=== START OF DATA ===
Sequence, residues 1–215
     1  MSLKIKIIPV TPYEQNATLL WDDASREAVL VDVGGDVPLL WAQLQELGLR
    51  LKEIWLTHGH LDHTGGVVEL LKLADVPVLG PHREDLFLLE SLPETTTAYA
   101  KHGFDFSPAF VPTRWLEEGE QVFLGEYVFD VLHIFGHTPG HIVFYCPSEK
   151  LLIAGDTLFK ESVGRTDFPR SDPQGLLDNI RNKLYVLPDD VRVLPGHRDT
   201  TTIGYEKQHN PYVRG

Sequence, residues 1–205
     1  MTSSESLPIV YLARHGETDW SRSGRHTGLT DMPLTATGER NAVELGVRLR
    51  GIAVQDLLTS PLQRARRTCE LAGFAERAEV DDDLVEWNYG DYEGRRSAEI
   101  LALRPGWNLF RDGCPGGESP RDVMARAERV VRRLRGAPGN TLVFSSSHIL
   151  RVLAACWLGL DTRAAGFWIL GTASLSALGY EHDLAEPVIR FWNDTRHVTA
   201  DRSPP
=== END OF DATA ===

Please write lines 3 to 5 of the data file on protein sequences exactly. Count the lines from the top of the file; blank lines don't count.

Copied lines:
    51  LKEIWLTHGH LDHTGGVVEL LKLADVPVLG PHREDLFLLE SLPETTTAYA
   101  KHGFDFSPAF VPTRWLEEGE QVFLGEYVFD VLHIFGHTPG HIVFYCPSEK
   151  LLIAGDTLFK ESVGRTDFPR SDPQGLLDNI RNKLYVLPDD VRVLPGHRDT